25 August 1996: After a slightly disturbed night, being right next to the main north-south road, we packed up the tent and drove northeast to Kaituna Lagoons at the extreme eastern end of Lake Ellesmere. A Great White Egret was the only bird of note and we soon continued on to the Banks Peninsular. This was very spectacular with a steep climb before dropping down to Akaroa Harbour. Being a Sunday it seemed to be full of day-trippers and was very busy. We drove as far round the eastern side of the harbour as we could and then continued walking for a mile or so towards the southern end of French Bay, eventually being halted by a private keep out sign. On the walk back we had rather distant views of 5 White-flippered Penguins out in the harbour and on returning to the car decided to try and drive to the coast at the end of Lighthouse Road in the hope of a seawatch. We drove out of Akaroa but the road was incredibly steep and when it changed to dirt we decided it probably wasn’t sensible to continue. Returning we continued north to Kaikoura and arrived with an hour or so of light left, having had a brief stop in Christchurch (a very clean city and pleasantly quiet on a Sunday). The M.V. Virgo’s winch was being repaired, dashing our hopes of another seabird trip the following day and we decided to try the Whalewatch boat instead, returning to our ‘usual’ car-park to sleep in the car. 35 species seen, the highlight being a flock of 75 Black-fronted Terns roosting at Kaikoura.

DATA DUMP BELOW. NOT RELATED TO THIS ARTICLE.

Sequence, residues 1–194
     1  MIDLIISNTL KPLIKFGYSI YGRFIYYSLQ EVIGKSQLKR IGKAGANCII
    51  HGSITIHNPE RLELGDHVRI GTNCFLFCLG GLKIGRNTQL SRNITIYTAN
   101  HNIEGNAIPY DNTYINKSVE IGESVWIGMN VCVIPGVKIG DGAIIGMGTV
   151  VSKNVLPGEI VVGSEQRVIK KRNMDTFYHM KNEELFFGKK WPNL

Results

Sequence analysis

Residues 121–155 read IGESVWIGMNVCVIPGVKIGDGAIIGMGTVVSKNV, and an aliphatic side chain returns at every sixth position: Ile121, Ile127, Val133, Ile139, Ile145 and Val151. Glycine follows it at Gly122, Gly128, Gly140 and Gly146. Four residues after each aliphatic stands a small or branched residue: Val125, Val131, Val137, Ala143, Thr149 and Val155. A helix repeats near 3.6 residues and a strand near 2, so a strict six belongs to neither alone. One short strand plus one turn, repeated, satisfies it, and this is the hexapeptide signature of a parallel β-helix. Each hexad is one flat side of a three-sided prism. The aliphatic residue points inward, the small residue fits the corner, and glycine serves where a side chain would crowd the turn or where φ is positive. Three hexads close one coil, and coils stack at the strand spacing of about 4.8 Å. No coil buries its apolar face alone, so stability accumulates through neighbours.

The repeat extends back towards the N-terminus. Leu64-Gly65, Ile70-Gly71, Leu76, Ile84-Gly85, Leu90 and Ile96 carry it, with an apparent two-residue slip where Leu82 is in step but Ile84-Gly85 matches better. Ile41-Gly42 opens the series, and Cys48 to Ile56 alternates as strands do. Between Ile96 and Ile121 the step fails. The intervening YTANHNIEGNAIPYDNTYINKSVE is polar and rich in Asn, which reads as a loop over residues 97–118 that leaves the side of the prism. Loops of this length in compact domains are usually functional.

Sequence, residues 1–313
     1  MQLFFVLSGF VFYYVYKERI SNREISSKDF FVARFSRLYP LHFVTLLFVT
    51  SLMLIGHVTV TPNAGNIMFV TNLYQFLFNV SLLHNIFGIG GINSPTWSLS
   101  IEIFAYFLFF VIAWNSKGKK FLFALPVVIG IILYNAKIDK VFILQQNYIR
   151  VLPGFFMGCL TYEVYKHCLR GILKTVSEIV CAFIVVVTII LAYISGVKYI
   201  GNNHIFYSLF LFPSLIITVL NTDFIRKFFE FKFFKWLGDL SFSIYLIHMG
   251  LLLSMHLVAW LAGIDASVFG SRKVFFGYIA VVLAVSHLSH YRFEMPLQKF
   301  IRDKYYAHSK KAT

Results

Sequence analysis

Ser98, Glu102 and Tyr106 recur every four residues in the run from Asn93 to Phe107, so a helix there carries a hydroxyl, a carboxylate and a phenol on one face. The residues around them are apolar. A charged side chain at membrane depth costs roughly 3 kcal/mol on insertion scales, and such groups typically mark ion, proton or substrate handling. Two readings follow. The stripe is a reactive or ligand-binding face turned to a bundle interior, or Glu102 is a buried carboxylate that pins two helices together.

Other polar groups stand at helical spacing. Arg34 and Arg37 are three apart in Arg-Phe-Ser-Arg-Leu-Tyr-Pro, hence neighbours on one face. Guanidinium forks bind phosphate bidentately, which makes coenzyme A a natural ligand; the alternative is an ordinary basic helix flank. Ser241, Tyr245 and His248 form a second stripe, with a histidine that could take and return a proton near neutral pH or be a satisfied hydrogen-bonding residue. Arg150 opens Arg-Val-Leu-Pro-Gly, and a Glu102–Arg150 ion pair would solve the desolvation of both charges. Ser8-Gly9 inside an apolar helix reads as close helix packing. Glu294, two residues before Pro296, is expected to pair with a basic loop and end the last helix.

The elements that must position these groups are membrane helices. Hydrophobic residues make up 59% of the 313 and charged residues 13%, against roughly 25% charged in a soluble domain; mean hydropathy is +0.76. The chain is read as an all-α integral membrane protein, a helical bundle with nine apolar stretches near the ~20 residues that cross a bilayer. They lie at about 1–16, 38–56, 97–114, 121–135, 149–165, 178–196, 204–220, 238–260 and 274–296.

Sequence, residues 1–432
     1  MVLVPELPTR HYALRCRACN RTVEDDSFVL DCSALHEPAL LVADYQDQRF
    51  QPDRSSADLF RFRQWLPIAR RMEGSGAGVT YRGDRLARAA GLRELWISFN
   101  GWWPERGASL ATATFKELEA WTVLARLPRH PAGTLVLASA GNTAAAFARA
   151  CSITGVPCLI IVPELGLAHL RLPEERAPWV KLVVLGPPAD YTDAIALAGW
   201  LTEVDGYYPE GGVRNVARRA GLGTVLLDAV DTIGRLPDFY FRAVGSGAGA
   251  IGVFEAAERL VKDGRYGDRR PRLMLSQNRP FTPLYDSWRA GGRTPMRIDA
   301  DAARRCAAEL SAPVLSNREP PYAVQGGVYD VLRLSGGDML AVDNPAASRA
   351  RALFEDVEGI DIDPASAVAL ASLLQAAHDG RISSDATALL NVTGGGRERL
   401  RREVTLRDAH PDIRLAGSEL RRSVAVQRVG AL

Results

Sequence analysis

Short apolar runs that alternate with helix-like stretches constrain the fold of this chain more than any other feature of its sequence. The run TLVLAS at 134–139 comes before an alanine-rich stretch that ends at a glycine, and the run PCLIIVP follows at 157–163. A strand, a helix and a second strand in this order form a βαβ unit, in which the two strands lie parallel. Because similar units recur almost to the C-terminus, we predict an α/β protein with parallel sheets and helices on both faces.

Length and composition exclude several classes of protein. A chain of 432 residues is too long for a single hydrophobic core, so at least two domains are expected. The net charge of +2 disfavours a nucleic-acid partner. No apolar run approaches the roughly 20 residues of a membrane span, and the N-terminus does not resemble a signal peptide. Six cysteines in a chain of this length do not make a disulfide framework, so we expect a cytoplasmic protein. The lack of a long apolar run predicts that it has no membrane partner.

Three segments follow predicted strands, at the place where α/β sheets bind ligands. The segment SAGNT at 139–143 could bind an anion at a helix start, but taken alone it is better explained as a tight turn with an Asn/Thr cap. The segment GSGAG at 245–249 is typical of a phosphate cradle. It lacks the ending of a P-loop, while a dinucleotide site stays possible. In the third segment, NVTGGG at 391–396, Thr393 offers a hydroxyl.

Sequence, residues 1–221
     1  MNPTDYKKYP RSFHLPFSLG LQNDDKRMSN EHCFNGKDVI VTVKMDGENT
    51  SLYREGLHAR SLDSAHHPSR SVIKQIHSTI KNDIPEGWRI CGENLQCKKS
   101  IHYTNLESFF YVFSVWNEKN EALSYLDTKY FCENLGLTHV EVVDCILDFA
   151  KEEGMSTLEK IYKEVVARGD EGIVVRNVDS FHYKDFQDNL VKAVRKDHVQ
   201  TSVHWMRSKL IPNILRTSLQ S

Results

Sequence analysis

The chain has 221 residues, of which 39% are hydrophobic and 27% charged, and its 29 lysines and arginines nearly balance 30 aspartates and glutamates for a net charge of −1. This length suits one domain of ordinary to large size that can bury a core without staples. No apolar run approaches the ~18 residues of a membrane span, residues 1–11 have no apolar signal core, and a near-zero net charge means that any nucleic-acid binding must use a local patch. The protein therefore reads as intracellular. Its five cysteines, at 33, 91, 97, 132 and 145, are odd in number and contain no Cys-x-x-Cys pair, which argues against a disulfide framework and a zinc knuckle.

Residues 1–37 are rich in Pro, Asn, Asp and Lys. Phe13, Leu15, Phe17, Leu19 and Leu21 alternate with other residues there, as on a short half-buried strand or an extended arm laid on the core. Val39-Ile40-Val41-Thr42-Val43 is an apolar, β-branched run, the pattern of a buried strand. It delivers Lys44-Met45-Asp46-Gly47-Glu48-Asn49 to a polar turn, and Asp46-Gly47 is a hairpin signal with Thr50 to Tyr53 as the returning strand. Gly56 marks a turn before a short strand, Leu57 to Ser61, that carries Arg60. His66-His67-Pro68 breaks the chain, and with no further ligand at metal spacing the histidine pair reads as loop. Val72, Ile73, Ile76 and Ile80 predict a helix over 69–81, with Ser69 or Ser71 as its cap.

26 August 1996: We arrived at the Whalewatch Office in Kaikoura as it opened and booked places on the morning trip. When feeding at this time of year Humpback Whales are solitary and seem to spend 2-3 minutes on the surface and then dive for up to 20 minutes, often travelling some distance underwater. Because of this the Whalewatch boat, a fast catamaran called the Wawahia, is guided onto a whale by two zodiac teams with sonar equipment. With only a couple of minutes to reach the whale before it dives it is necessary for all passengers to remain strapped into their seats and this makes birding very difficult. We saw 2 Humpback Whales but the views and the whole commercialised experience was a big disappointment, and not a patch on our previous encounters with Whales (Southern Rights in Argentina and South Africa). Birds were a disappointment too, with many fewer seen than from the M.V. Virgo, although to give them their due the Whalewatch crowd did circle some Royal Albatrosses on the return. In the afternoon we drove inland a short way to Mount Fyfee Forest but few birds were seen, a flock of 4 Brown Creepers in the scrub above the car park being the most notable. Seawatching produced little and at dusk we drove to Lake Elterwater where we put up the tent in a rather noisy lay-by. 33 species seen with 4 Royal Albatrosses from the Whalewatch boat being the highlight.